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Pyth, 6 bytes

it.BQ2

Try it online!

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1
  • \$\begingroup\$ -1 bytes \$\endgroup\$
    – Steven H.
    Commented Nov 14, 2017 at 19:25
1
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Actually, 7 bytes

;╘L2ⁿ@-

Try it online!

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1
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05AB1E, 7 bytes

bS1¸-JC

Try it online! or Try all test cases

b       # Convert to binary
 S      # Split
  1¸-   # Subtract 1 from the first element
     JC # Join and convert to decimal

b¦C works except for an input of 1

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4
  • \$\begingroup\$ The logarithm version is a bit shorter, too bad we need to handle 1 though :(, otherwise the 3-byter would be the shortest \$\endgroup\$
    – Mr. Xcoder
    Commented Nov 14, 2017 at 20:04
  • \$\begingroup\$ @Mr.Xcoder the answer that you've linked doesn't look like it's using logarithms. However, the formula n-2^floor(log2(n)) handles 1 correctly, if that's what you are referring to \$\endgroup\$
    – Maya
    Commented Nov 14, 2017 at 20:22
  • \$\begingroup\$ @NieDzejkob The answer I linked to is my own answer and does use logarithms. \$\endgroup\$
    – Mr. Xcoder
    Commented Nov 14, 2017 at 20:24
  • \$\begingroup\$ @Mr.Xcoder then the StackExchange app is utterly broken, let me see \$\endgroup\$
    – Maya
    Commented Nov 14, 2017 at 20:25
1
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Octave, 26 bytes

@(x)bi2de(de2bi(x)(2:end))

Try it online!

Note: The TIO-link uses dec2bin and bin2dec instead of de2bi and bi2de, because the communications package is not installed. The code works fine on Octave-online.net.

Explanation:

@(x)                        % Anonymous function that takes a decimal number x as input
    bi2de(                  % Convert the following to decimal:
          de2bi(x)            % Convert x to decimal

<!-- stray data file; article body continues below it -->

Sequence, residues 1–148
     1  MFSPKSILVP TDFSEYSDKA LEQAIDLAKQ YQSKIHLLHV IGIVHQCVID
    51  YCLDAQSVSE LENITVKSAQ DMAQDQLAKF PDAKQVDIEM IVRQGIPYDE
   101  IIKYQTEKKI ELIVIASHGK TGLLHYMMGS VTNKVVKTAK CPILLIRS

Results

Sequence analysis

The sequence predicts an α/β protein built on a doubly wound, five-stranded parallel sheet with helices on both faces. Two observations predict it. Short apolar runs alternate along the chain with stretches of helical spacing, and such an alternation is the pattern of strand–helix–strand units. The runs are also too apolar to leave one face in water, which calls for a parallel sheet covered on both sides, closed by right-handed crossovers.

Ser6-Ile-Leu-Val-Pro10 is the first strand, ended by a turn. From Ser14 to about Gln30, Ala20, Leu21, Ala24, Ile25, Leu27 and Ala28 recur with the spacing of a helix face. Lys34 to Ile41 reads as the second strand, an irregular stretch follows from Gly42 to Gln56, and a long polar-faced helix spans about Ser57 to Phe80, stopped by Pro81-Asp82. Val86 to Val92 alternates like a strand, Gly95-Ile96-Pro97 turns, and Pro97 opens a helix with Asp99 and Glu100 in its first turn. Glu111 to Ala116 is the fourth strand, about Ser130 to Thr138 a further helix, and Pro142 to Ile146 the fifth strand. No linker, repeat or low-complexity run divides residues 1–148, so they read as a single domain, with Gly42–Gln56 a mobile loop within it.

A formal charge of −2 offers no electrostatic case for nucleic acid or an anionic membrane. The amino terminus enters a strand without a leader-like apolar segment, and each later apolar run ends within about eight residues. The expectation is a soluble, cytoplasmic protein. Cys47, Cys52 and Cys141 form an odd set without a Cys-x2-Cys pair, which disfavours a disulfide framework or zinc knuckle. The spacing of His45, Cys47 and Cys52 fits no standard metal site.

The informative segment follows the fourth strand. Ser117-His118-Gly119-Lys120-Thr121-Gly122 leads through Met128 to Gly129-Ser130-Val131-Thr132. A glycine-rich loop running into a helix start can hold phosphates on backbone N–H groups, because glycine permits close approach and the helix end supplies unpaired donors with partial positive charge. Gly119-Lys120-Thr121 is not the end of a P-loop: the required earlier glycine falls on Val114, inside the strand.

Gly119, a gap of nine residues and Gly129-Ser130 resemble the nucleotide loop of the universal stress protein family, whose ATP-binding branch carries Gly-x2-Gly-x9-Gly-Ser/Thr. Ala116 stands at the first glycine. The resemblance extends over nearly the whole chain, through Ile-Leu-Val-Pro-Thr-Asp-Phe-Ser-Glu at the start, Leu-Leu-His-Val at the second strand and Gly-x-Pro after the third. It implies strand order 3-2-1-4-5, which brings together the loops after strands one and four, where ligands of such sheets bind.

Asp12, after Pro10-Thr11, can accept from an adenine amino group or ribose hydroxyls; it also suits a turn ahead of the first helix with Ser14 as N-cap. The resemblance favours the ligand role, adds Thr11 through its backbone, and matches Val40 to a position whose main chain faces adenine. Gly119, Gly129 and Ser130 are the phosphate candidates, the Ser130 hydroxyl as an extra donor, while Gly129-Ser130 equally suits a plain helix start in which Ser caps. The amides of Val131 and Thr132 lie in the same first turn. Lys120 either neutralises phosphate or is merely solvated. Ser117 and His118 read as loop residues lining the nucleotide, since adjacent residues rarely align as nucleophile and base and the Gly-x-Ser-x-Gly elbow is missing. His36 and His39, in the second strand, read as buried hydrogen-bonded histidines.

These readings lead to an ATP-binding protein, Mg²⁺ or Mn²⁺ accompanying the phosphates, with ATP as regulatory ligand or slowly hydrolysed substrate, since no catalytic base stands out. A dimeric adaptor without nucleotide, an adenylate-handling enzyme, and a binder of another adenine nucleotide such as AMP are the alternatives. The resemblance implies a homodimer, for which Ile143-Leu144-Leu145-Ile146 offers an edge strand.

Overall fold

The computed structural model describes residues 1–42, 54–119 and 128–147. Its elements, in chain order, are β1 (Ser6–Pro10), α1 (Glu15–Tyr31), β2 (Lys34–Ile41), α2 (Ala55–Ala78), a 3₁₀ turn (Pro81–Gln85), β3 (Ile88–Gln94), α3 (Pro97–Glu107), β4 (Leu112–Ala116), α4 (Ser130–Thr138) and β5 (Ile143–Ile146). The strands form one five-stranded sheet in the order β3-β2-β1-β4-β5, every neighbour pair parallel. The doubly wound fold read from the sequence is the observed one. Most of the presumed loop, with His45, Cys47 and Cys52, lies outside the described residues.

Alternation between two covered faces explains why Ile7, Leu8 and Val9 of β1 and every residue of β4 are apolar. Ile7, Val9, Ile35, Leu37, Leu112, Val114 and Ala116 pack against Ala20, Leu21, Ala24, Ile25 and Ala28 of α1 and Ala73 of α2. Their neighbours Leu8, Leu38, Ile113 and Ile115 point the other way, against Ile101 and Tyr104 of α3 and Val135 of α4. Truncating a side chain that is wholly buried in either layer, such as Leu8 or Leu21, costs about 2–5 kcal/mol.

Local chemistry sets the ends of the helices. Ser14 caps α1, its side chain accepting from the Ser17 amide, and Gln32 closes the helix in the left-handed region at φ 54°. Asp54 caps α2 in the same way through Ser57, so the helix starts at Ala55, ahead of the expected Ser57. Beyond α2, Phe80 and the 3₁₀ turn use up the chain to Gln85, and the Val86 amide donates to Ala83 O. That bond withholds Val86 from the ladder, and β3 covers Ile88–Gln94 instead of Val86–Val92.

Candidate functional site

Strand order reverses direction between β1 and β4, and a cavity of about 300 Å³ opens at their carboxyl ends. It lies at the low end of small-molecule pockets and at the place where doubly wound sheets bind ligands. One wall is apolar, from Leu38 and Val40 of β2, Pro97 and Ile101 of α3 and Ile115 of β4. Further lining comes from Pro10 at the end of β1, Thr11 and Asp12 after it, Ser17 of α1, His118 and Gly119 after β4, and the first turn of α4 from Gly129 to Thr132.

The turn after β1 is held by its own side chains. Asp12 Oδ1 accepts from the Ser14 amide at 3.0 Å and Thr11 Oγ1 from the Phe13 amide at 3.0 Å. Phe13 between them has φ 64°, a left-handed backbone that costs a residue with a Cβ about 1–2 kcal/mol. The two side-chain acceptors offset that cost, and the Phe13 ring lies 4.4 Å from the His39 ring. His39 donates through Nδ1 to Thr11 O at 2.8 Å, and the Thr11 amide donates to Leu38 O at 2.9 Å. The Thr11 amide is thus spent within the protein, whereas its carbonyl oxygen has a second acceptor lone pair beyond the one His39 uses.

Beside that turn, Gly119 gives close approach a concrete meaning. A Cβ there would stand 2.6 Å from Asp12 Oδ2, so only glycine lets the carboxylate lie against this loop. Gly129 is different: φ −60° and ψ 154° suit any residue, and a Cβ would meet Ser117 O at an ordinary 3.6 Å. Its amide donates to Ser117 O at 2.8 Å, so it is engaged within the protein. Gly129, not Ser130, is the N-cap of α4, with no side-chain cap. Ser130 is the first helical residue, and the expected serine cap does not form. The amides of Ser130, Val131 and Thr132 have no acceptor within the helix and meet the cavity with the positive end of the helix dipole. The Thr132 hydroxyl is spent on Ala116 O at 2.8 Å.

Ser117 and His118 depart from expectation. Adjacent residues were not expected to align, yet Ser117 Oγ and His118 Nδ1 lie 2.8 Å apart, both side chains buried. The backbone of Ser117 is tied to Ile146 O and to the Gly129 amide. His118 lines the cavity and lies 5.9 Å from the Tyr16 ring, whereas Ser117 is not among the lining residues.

(2:end)     % And take all elements except the first
                         )  % That's it.
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1
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Perl 6, 17 bytes

{$_+&+^(1+<.msb)}

Try it online!

  • $_ is the argument to the function.
  • +& is the bitwise AND operator.
  • +^ is the bitwise NOT operator.
  • +< is the bitwise left shift operator.
  • .msb returns the most significant bit of the function argument.
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1
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CJam - 8 bytes

ri2b(;2b

Explanation

ri    # Reads input as integer
2b    # Convertion to base 2
(;    # Removes first element
2b    # Convertion from base 2
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2
  • 1
    \$\begingroup\$ You can replace (;2 with (). \$\endgroup\$ Commented Nov 15, 2017 at 8:40
  • \$\begingroup\$ @MartinEnder Thanks, great idea \$\endgroup\$
    – FedeWar
    Commented Nov 15, 2017 at 9:56
1
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Batch, 62 bytes

@set/an=%2+%2+1
@if %1 gtr %n% %0 %1 %n%
@cmd/cset/a%1-n/2-1

Edged out this 63-byte attempt:

@set/an=%2+%2+1,m=%1^^n+1
@if %m% gtr %n% %0 %1 %n%
@echo %m%

Which itself edged out this 64-byte port:

@set n=1
:l
@if %1 geq %n% set/an*=2&goto l
@cmd/cset/a%1-n/2
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1
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Funky, 23 20 bytes

n=>n~1<<math.log(2n)

I'm quite pleased with the result of this one.

Firstly, this calculates math.floor(math.log(2,n)) incrementing a variable i whilst dividing n by two until it is <1. Then, get's two to the power of that value, which removes all but the most significant bit from n. We can then get the answer by xoring this with n, which in funky is done with ~.

Turns out the Javascript method works for this too, although math.log2 can be replaced with math.log(2, because 2 and n are seen as two separate tokens in Funky, and thus is parsed like 2, n

Try it online!

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1
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Ruby, 22 bytes

->n{n^1<<Math.log2(n)}

Try it online!

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1
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Brain-Flak, 44 bytes

<>(()){((({}{}))){<>({}[()])}{}}<>([{}]{}<>)

Try it online!

Explanation